8. In revenue, auto industry is about 10% of the size of (just) the food retail industry worldwide. Not that this means the world isn't a big place, but... What is more important.
    #48     May 11, 2019
  9. canoe


    if you actually read the USCIS report, you'd know that USCIS defined it specifically as 74% of Indian origin (as in, place of birth), not people who grew up and graduated and worked in India....and then moved over to the US as adults. there are tons of Asians who either immigrated to the US after being born in their respective countries or came to the US for college. these are usually kids from rich families or kids who were at the top of their class in primary school and were given the chance to attend college in the US...or both. every single one of people in this group are lumped in with the "unskilled workers from india" you're referring to so it's a useless statistic.

    for example, i was born abroad but attended MS, HS, college, and grad school all in the US, as an international student. i am as american as they come but i would be counted as being part of that 74% if my country of birth was india.

    the inter-company transfer of managerial executives is 1 of 3 categories within the EB1 category. it is also the one category that has literally no competition with unskilled Indian or Chinese counterparts so it is hardly relevant to the original discussion of uneducated Asian workers displacing skilled European ones.

    yes the trading floor is diverse but that's because the buy-side of finance is a meritocracy by design. that's also why most jobs where you actually have to know your shit like medicine, IT, engineering, scientific research, etc. are so diverse. b/c it's all about performance and results, and performance and results don't care about your ethnicity.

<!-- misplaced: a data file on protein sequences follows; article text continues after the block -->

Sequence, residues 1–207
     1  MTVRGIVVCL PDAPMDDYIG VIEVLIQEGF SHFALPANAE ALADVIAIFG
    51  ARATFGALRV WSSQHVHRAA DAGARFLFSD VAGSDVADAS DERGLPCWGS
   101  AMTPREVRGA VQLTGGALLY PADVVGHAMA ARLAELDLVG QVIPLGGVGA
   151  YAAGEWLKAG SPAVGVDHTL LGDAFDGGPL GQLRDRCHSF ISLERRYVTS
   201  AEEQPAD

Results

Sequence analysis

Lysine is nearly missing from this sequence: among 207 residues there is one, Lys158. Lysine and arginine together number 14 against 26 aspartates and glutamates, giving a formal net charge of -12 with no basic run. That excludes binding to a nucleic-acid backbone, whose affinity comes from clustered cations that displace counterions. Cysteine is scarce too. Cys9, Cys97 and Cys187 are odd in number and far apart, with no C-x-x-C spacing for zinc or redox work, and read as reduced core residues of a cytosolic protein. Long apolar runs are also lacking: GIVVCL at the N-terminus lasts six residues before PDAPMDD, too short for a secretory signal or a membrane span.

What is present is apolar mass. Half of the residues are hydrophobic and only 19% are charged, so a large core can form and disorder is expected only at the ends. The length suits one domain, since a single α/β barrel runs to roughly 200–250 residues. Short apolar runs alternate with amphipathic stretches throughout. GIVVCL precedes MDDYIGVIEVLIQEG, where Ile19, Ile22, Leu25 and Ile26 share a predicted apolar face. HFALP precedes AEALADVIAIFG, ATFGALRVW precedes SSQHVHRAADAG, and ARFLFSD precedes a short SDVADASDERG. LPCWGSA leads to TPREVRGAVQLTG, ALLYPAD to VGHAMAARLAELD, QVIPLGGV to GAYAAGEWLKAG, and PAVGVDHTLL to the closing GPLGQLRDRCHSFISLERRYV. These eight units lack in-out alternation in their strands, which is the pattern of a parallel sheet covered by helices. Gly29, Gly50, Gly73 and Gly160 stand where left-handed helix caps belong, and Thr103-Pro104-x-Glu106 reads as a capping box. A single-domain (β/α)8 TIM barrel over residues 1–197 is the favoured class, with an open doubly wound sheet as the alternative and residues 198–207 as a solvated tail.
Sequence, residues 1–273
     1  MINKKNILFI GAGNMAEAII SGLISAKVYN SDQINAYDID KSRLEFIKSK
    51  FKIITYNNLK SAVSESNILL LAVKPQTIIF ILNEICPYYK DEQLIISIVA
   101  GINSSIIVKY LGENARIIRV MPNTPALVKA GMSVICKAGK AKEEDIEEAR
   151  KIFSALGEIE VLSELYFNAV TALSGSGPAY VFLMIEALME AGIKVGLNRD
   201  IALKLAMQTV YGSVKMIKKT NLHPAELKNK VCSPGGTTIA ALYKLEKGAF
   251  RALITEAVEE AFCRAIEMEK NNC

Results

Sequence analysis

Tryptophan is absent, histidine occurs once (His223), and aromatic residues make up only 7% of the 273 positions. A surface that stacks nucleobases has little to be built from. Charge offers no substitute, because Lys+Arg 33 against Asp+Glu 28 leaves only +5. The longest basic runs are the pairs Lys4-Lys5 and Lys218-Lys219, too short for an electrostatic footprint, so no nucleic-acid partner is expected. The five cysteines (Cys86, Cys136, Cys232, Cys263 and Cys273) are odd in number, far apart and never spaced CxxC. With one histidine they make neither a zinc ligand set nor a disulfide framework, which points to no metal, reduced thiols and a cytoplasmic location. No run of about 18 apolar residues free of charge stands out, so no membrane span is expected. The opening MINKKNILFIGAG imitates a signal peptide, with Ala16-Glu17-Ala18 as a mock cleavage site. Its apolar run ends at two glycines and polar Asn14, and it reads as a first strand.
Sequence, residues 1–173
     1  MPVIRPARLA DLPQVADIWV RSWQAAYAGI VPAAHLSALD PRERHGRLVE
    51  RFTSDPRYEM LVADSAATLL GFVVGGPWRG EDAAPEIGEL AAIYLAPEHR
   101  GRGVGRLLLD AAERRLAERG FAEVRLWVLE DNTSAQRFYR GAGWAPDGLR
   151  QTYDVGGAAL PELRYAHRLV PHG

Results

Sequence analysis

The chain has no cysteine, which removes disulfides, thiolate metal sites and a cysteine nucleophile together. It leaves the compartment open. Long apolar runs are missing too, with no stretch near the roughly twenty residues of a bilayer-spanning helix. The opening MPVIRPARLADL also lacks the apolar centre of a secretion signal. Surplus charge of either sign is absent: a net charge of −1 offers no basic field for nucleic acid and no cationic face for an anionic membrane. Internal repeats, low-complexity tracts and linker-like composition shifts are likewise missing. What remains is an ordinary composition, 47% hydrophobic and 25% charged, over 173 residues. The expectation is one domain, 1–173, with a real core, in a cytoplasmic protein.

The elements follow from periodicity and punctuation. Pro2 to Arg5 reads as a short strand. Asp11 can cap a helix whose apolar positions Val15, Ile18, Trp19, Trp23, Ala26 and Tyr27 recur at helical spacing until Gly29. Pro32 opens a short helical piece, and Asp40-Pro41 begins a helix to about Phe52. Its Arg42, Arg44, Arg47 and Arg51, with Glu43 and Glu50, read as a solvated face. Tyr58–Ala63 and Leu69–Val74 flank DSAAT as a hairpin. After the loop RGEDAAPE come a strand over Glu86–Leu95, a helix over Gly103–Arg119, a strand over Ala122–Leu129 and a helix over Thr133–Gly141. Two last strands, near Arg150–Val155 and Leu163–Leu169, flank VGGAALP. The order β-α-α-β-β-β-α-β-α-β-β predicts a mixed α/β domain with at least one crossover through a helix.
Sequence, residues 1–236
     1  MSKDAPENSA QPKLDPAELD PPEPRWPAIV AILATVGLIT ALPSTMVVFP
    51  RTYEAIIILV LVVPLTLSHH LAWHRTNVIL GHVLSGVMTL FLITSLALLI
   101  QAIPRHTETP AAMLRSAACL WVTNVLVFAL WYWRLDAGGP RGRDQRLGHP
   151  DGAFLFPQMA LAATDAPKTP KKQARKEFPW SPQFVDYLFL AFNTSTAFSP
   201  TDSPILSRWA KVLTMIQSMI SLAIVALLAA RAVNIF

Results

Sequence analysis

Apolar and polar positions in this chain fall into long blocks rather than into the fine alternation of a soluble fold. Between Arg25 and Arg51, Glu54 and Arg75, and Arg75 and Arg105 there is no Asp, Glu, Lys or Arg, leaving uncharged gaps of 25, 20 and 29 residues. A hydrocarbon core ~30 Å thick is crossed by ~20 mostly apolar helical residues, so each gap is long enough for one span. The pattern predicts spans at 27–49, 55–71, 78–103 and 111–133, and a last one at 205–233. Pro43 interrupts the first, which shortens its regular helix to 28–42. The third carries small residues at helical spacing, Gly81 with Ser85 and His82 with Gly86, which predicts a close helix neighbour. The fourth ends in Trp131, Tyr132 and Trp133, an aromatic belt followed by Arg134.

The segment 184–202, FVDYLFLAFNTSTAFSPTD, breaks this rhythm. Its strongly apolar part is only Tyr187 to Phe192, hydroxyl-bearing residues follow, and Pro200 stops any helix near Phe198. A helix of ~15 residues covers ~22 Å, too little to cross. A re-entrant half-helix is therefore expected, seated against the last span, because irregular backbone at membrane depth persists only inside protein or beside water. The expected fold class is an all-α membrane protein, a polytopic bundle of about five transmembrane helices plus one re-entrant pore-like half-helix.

but look at the sell-side of the finance business b/c that's where "soft factors" aka race, fit, etc. trump meritocracy, unlike the buy-side. also look at the partnership of v10 law firms (i'm talking cravath, wachtell, sullivan cromwell, kirkland ellis, skadden, davis polk, etc.), which i'm sure you're familiar with if you've ever worked at a respectable bank. i used to work in one of these firms and attaining partnership is the exact same story as it was the case with attaining MD in many of my IB clients like goldman. i mean, the sheer ignorance you must have to be complaining about there being an overrepresentation of Indian-americans in the IT managerial space when so much of the same for whites is present right in your back yard and then some, is ironic.

    i do not condone racist hiring/promotion practices, whether it's being done by Indians or Whites. but don't expect anyone to take you seriously when the hypocrisy is literally in plain sight for all to see. when Asians are passed over for partnership due to not being part of the boy's network with White partners, it is unsurprising that you would see a similar thing happening within Asians. this happens a lot even in Silicon Valley of all places, where there are a ton of Asian engineers but the ones who get promoted to manager often are not. when someone is rejected by members of another ethnicity, it is natural for him to seek refuge within his own ethnicity. as i said in the prev post, it's just a fact of life that people are attracted to their own. and racism only begets more racism from those that were a victim of it.